Effective Federal Funds Rate Chart.

Historically low interest rates have weighed down the yields of the special-issue Treasury bonds held by Social Security. Effective Federal Funds Rate data by YCharts.

The Federal Reserve deserves its share of the blame, too. A decade of historically low lending rates hurt the interest income-earning capacity of Social Security’s asset reserves. The more than $2.8 trillion the program currently has in its asset reserves is required by law to be invested in special-issue Treasury bonds.


Lastly, blame lawmakers. Once again, Congress didn’t raid Social Security’s coffers or steal funds in any way. Every cent of the program’s asset reserves is accounted for by the special-issue Treasury bonds.

The issue with lawmakers is they continue to kick the tires when a seemingly endless series of solutions have been presented to strengthen Social Security. Since 60 votes are required to amend Social Security in the Senate, bipartisan cooperation is a must. Unfortunately, getting Democrats and Republicans to agree on amendments while approaching those fixes from opposite ends of the spectrum hasn’t worked.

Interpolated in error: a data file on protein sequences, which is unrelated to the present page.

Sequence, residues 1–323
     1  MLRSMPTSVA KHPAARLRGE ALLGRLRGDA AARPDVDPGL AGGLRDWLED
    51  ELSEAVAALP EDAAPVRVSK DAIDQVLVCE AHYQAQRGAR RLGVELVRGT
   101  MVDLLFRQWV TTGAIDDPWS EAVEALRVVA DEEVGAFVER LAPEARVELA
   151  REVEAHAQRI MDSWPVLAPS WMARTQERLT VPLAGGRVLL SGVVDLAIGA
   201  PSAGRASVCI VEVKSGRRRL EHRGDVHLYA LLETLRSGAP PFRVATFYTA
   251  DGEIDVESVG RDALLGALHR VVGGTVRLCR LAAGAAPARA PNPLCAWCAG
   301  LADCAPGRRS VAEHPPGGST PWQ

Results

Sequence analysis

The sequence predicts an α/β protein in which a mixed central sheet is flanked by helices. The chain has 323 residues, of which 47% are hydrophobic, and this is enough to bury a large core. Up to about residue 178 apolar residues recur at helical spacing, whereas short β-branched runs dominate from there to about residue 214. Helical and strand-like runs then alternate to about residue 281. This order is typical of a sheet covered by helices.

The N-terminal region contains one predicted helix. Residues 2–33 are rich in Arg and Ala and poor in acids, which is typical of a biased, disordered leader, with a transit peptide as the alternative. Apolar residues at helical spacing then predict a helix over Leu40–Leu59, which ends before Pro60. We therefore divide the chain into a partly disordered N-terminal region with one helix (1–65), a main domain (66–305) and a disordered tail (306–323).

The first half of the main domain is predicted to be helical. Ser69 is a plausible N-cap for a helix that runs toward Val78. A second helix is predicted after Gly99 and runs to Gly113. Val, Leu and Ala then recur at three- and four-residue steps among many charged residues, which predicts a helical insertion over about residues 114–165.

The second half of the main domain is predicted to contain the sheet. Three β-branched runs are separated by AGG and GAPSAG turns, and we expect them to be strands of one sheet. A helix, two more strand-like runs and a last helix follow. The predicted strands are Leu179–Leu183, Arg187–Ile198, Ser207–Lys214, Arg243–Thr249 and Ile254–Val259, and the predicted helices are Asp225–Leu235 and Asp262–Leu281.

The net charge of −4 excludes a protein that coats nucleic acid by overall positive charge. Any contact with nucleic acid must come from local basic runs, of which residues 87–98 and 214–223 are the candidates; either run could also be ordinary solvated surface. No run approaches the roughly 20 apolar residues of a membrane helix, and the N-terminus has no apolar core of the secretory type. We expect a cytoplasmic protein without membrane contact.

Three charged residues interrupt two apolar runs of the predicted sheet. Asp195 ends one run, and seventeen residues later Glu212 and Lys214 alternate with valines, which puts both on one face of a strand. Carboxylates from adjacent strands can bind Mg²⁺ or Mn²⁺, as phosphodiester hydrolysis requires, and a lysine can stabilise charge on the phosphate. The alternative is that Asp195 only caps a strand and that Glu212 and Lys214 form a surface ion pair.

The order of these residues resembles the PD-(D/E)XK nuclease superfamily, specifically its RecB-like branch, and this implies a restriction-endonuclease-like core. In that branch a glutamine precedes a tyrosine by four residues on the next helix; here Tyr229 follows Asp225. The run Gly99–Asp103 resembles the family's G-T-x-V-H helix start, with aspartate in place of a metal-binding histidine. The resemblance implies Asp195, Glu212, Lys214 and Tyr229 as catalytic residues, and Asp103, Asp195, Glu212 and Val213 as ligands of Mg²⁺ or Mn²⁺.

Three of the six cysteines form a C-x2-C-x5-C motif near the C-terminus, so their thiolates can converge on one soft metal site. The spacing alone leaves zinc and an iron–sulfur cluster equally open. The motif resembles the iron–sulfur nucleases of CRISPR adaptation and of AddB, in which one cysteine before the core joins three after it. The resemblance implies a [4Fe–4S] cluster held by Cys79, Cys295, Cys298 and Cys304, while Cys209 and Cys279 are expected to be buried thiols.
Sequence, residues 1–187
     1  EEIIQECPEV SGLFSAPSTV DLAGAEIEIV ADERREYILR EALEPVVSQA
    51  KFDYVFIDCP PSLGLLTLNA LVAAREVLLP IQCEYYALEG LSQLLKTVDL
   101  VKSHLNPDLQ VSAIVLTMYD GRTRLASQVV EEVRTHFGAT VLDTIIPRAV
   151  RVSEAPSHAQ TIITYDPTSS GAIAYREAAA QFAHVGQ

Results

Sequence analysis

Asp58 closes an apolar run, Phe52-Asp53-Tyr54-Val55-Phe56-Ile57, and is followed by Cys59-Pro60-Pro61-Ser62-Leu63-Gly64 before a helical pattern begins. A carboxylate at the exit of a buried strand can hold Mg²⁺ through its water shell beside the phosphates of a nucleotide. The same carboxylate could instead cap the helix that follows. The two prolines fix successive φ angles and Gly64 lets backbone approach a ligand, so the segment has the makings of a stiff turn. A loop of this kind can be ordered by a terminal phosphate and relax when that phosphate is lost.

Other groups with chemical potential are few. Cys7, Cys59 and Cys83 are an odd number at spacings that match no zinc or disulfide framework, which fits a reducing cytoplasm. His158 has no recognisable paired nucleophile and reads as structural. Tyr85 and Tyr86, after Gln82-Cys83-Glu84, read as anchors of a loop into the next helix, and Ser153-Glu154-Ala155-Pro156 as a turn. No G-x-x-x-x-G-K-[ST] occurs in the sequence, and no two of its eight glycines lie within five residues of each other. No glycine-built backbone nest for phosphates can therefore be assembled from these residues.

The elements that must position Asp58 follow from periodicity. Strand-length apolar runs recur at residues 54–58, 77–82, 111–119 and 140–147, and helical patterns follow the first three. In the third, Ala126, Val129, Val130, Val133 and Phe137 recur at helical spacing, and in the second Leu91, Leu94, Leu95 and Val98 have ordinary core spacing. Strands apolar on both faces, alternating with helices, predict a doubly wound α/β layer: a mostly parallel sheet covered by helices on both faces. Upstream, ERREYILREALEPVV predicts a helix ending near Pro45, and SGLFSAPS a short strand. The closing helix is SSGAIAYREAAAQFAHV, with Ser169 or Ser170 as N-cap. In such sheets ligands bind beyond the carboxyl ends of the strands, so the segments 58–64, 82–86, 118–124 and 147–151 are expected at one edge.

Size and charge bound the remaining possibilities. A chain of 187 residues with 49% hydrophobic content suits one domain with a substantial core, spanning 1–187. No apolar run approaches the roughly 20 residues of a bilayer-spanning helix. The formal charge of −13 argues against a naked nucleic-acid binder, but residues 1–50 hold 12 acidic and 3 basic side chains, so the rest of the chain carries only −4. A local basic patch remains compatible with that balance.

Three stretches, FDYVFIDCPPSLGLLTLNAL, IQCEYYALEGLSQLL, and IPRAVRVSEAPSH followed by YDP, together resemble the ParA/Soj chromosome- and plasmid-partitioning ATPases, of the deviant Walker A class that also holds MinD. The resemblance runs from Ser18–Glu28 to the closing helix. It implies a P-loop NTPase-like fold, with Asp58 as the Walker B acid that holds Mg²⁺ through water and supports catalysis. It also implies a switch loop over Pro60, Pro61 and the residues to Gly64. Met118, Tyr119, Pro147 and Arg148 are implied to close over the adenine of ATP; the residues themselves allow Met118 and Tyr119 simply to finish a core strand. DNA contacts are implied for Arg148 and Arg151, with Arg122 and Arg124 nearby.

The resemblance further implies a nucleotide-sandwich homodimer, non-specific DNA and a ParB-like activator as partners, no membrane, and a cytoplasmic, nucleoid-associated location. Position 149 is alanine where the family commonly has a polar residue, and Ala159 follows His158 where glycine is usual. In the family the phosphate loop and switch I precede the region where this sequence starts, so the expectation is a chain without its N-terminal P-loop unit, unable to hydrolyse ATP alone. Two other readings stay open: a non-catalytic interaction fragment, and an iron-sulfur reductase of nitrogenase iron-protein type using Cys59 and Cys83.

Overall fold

For what it’s worth, Congress does have a history of stepping in and saving Social Security from possible benefit cuts. Lawmakers most recently did this in 1983, when gradual increases to the payroll tax and full retirement age were announced, and the taxation of benefits was introduced. But given Capitol Hill’s penchant for 11th-hour legislation, a fix could be a long way off.

If there’s no discernible change in these aforementioned demographic shifts, and lawmakers continue to shun bipartisan cooperation, an estimated $6,283 benefit cut could be the end result by 2034 for the average retired worker.


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The Motley Fool has a disclosure policy.

The views and opinions expressed herein are the views and opinions of the author and do not necessarily reflect those of Nasdaq, Inc.